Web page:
Detroit trailblazer: Retired Oakland County official Denise Langford-Morris keeps on winning

DETROIT – She’s one of Metro Detroit’s true trailblazers.

A career of firsts was punctuated by being the first African-American appointed to the Oakland County Circuit Court. She then became the first Black elected leader countywide in Oakland County.

Denise Langford-Morris kept on winning.

Spending 30 years on the Oakland County Circuit Court bench until she recently retired.

“My dad was the one who wanted to be a lawyer and my dad told me that you could do and be whatever you wanted to be,” she said.  Not only would Victor Langford’s girl become a lawyer, she became the barrier-breaking kind.

The first black prosecutor hired by L. Brooks Patterson. “When I walked in there wasn’t an African American secretary, clerk, boss, lawyer, no one.” It didn’t phase her.

“My parents always had friends of all races and if you met my mother you probably wouldn’t know she’s black, my mother looked like a little old Jewish lady but she was the blackest woman I know and she encouraged us to be welcoming and to know people are people.”

Her mother Plennie’s activism in the 60′s and 70′s made her daughter fearless and empathetic. “She took me to march with Dr. King, she took me to NOW organization meetings in Detroit, to Erma Henderson’s Conference of Concerned Women.”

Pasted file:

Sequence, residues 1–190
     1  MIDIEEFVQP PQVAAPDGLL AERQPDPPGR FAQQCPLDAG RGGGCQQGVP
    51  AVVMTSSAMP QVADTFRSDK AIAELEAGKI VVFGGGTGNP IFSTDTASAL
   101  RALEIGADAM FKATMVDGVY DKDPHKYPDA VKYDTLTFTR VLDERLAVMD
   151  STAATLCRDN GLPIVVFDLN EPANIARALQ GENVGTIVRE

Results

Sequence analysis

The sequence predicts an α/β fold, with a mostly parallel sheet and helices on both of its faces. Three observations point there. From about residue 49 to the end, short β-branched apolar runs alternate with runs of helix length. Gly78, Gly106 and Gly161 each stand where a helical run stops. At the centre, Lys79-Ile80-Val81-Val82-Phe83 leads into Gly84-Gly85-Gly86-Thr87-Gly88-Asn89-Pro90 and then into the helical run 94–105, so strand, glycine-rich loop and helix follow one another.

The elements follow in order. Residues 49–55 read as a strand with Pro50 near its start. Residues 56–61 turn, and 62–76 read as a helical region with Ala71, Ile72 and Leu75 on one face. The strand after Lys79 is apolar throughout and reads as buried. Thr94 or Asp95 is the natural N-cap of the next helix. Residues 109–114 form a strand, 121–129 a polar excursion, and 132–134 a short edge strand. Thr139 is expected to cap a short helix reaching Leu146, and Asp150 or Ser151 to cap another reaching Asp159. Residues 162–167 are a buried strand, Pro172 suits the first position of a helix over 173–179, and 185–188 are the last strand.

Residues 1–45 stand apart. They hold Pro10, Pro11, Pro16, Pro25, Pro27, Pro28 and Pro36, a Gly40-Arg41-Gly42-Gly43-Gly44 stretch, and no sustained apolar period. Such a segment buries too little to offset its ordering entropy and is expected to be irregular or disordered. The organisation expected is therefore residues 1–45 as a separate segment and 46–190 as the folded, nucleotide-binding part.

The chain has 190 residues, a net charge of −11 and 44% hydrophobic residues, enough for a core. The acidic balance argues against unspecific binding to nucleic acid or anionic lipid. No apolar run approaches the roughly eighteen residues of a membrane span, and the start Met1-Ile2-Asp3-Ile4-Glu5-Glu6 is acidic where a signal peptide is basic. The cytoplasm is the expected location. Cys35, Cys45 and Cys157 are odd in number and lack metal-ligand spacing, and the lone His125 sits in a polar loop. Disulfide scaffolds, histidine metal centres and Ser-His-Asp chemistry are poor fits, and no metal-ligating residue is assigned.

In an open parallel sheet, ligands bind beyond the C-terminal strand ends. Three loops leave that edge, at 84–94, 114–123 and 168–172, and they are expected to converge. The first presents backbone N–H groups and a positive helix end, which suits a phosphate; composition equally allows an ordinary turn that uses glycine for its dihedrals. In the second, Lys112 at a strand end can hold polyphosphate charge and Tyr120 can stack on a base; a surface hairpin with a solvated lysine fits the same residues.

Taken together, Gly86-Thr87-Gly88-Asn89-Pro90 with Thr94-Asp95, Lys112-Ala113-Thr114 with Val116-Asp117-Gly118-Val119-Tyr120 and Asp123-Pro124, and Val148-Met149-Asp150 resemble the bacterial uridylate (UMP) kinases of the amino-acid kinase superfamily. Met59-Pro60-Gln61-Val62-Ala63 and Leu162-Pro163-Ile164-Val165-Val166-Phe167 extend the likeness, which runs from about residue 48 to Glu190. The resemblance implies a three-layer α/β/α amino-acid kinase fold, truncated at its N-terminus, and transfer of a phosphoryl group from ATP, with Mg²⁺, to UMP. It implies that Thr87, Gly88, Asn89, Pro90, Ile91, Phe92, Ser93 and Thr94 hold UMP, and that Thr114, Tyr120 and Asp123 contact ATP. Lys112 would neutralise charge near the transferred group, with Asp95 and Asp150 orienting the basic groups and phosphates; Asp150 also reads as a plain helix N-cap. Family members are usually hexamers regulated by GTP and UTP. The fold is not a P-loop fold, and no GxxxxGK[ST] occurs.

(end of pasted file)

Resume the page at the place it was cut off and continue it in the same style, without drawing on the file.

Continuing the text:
Before becoming a lawyer, she started in social work. Protecting the elderly and children but knew she could do more.

She enrolled at the University of Detroit Mercy School of Law. She was so well regarded in Oakland County she got the call from Governor John Engler in 1992. He wanted to appoint her to the Oakland County Circuit Court. The first black judge in the county. “I was welcomed, I knew the judges because I practiced in front of them.” Getting an appointment is one thing, wining an election is another. “I said I am going to win. I’m going to do everything in my power. The governor gave me this opportunity, I’m the first African American in the Oakland County bench and I’m going to win there’s no other option.”

She won her race in 1994 and every race after becoming the first female dean of the Oakland County bench.

Today her portrait hangs on the wall of her alma mater where she graciously donates her time. The students wanted to honor her, not simply because of her career of firsts but all the time and care she has lavished on them.

While her time on the bench has ended, she retired for all of a weekend. She’s using those judicial muscles in a new capacity at JAM the largest private mediation firm in the world. “I feel that I want to work as long as I’m able. I never want to not work. In fact, if you hear I’m not working I want you to come check on me because something is wrong.”

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